McClaren’s words above ring true to me – mainliners talking more about missional and being drawn to the words and practices early church fathers and mothers, new monasticism, etc.
    However, in my sheltered corner of the heartland, most of us aren’t looking to break away and start something new.

    We have come to appreciate the importance of intergenerational worship/fellowship on Sunday morning – and many of my friends feel it is important that church community isn’t a bunch of 30-40 year olds like ourselves. However, I know that I talk a foreign language to my bothers and sisters in their 70’s and 80’s when I even mention ancient/future, or intentional community, or missional, or many other terms that fall into the emerging bucket.

    But, frankly, where does ecumenical conversation under the big tent really get anyone? A lot of people with varying levels of dissatisfaction with the status quo preaching to the choir? I guess it’d be the fun to watch Spong and Robertson go at each other, although that would just be a sideshow, not serious dialogue.

    • David Cornwell says:

      Hey I’m 72 and I’m not totally out of it yet, but I do know what you mean. But one of the most progressive voices in our church is 102 and has been a member of that church since he was 24.

    • A major intergenerational problem here is jargon. I read this blog daily, and I still have difficulty with words like “missional” and “intentional”. Are other churches accidental?
      Why do you use those words when you talk with people? Explain what you mean, and you are likely to find common ground. They are just confused by the buzzwords.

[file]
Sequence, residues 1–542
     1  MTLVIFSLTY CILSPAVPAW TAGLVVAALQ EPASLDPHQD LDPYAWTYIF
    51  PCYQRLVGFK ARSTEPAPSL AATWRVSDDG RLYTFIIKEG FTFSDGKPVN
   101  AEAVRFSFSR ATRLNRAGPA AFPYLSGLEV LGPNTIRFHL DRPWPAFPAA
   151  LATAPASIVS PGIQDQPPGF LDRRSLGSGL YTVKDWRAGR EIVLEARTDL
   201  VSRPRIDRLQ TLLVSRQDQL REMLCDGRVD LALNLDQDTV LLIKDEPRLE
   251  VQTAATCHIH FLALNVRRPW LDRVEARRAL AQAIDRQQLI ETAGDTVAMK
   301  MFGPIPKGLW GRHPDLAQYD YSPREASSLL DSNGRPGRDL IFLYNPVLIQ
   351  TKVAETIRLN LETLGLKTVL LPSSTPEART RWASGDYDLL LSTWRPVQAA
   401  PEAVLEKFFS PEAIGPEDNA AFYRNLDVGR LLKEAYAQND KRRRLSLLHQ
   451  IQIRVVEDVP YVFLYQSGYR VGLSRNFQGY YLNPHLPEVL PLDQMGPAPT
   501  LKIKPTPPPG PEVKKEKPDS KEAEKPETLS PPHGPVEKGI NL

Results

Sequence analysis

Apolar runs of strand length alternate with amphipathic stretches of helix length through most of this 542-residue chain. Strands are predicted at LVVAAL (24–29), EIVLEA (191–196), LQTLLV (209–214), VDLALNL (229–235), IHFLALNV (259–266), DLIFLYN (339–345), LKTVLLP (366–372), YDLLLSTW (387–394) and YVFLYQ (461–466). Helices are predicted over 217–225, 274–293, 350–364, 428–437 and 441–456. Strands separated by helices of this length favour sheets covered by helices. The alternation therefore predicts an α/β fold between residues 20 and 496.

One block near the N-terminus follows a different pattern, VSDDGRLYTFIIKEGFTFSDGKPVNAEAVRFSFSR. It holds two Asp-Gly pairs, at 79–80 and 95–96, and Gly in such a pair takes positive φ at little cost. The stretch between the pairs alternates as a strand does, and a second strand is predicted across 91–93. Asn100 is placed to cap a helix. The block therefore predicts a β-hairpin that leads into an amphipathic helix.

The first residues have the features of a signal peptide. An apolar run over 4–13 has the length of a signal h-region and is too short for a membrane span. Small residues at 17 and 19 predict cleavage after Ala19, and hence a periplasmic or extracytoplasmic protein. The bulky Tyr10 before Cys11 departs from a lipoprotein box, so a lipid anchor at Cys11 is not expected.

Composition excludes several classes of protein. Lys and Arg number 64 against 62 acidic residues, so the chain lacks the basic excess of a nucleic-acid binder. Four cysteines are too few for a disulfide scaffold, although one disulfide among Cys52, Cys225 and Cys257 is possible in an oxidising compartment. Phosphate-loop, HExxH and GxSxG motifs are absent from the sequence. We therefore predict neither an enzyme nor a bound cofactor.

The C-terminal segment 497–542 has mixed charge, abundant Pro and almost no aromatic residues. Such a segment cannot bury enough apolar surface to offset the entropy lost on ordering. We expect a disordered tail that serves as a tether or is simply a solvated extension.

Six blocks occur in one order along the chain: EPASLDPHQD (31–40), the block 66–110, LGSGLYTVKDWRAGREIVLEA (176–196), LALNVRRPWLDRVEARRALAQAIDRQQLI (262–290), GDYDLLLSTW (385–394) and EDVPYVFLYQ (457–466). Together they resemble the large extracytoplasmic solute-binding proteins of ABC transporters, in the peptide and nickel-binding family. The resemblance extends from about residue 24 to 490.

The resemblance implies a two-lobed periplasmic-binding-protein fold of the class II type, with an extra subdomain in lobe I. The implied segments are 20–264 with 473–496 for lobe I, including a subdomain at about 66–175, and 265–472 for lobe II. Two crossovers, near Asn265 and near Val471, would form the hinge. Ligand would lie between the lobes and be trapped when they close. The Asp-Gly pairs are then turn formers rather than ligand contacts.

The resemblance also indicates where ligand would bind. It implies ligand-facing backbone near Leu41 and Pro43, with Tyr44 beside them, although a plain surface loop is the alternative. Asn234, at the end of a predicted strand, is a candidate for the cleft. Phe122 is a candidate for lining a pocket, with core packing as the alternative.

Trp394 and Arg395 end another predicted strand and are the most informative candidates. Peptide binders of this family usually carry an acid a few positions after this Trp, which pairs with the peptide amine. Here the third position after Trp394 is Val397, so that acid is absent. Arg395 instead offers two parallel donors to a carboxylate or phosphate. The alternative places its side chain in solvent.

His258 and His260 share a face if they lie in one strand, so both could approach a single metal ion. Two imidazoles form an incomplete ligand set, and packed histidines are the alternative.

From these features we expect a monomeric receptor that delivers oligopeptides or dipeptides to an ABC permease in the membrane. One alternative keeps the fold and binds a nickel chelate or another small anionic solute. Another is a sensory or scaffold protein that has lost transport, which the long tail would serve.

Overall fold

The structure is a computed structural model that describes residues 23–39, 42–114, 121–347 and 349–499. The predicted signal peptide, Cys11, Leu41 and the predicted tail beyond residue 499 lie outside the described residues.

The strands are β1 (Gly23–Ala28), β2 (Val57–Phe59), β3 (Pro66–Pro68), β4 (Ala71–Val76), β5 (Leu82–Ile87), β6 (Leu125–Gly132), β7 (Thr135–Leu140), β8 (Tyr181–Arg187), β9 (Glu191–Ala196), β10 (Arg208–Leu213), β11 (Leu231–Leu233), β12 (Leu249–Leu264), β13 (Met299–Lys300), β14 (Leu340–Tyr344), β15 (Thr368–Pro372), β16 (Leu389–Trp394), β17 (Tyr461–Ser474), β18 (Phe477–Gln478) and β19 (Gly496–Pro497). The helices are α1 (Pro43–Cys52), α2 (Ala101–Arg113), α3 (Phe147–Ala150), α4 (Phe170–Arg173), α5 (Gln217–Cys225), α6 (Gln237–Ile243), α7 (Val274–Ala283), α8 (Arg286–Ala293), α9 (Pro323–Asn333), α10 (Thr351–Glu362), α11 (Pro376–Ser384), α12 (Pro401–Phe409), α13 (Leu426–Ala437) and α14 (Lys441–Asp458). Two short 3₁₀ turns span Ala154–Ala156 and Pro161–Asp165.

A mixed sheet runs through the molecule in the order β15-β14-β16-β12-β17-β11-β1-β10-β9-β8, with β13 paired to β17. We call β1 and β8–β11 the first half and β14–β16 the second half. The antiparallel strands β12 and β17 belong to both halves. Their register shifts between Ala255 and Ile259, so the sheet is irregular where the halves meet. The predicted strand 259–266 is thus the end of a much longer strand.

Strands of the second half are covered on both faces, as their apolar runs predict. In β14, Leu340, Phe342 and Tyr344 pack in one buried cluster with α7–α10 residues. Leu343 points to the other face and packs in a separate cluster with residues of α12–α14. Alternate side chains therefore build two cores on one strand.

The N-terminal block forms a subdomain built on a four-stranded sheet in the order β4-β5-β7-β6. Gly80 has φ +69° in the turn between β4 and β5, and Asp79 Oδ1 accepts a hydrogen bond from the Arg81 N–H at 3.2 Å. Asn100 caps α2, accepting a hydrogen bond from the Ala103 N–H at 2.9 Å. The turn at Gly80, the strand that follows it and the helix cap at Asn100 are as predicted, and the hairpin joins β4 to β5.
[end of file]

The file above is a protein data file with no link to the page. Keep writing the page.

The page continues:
• SearchingAnglican says:

        In my experience, most aren’t confused, they aren’t really interested.

        It’s not that they don’t understand certain terms or ideas when we use them (and yes, we are careful about how we present new or new-to-our-church ideas – it’s easy to throw buzzwords around here).

        It’s just that a good number of the more senior people in my dear, sweet mainline congregation aren’t really interested in some of the things that some of us think are important and meaningful for a vibrant, Jesus-shaped community – including some of the things that the emerging/emergent folks hit on, such making a more significant investment of their time and energies in local mission activity (or becoming a church known for it’s outreach to the hungry, for example) or spending more time together beyond Sunday and the occasional book or scripture study a la sharing our lives together in a deeper, more meaningful way.